Mild Cognitive Impairment
When people talk about aging and memory loss, many automatically jump to thinking about Alzheimer’s. While Alzheimer’s is very serious and debilitating, some milder but common issues receive less attention, like Mild Cognitive Impairment (MCI).
As the name implies, Mild Cognitive Impairment is just that – mild. As many as 20% of seniors over the age of 65 exhibit symptoms of it, and while it can be somewhat frustrating at times, it is not as life-altering as Alzheimer’s. Let’s look at some of the differences between MCI, dementia and Alzheimer’s.
First of all, as we get older, everyone starts having more “senior moments,” as we may affectionately call them. You forget where you put your glasses. You compensate by writing things down or keeping lists to keep track of things, but it doesn’t stop you from living independently and getting things done.
Then there’s MCI. You start to have problems doing more than one task at time, having to work harder to keep your focus. You find yourself forgetting recent conversations and you have problems making decisions. This is when independent living starts to become more of a challenge, but you can still engage in your regular daily rituals without too much trouble.
Dementia is when things start to get trickier. It also includes memory issues, but adds in some more symptoms. People may notice personality or behavioral changes in you. You may have a hard time speaking. Your motor skills start to deteriorate, making it hard to dress yourself. You stop being able to learn or remember new information, and you may loss interest in activities that you used to engage in. From the outside, it’s easy to see the difference between just plain memory loss, MCI and dementia.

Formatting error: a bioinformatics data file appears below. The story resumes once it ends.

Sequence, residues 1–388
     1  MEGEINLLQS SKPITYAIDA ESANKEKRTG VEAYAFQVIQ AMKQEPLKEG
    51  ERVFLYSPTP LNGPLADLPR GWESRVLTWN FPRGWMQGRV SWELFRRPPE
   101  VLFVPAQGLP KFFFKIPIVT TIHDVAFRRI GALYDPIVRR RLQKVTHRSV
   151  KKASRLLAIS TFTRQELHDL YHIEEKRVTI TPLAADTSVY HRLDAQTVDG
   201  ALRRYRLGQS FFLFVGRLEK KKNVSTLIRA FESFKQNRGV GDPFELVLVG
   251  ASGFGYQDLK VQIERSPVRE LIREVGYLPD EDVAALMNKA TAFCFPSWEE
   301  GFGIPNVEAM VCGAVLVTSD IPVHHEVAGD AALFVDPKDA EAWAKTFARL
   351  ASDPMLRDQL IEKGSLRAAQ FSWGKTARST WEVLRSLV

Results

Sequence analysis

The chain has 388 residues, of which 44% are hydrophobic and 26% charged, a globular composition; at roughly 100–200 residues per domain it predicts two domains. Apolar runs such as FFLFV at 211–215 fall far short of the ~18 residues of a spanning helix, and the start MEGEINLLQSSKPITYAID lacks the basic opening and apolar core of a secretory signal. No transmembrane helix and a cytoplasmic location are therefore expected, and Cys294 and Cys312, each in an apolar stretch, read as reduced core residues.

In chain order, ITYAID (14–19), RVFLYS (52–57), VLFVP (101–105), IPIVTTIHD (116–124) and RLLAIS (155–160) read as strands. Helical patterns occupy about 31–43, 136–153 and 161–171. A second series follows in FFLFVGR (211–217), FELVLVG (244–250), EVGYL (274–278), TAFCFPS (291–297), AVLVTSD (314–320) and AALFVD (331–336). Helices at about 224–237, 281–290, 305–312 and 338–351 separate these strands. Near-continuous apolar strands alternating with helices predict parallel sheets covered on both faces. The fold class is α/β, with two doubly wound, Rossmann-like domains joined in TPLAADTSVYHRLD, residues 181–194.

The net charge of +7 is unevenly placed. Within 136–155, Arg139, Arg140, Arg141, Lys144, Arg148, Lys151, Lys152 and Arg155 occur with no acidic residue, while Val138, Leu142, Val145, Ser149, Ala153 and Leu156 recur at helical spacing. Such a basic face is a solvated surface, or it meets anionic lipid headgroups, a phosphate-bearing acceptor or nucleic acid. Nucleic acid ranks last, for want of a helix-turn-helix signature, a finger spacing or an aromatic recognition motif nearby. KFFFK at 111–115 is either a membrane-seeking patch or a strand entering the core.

Alzheimer’s is similar to dementia, but while dementia is simply the term for a group of symptoms affecting the brain, Alzheimer’s is the term for the cause of the symptoms. It is one case where researchers have been able to pinpoint the cause of the dementia symptoms, which is nerve cell damage.
It’s also important to note that dementia can also be caused by certain medications, tumors or vitamin deficiencies. In those cases, correcting the underlying issues can eliminate the dementia symptoms. In the case of Alzheimer’s, it’s a form of dementia that is permanent and progressive.
If you have been diagnosed with MCI, you do have a higher chance of moving on to dementia eventually, but no one is yet able to predict for sure if you will or not.
However, don’t despair! There are things we can all do to keep our brains active and healthy. Keep your brain sharp by doing crossword puzzles, or playing board or card games. Get some fresh air and exercise in a way that is appropriate for your body. Keep laughing and playing! One study found that seniors who have regular contact with grandchildren were less likely to suffer from dementia. Just like technology helps us medically, there are plenty of fun apps to improve your brain power.
Let technology help you take control of your health.
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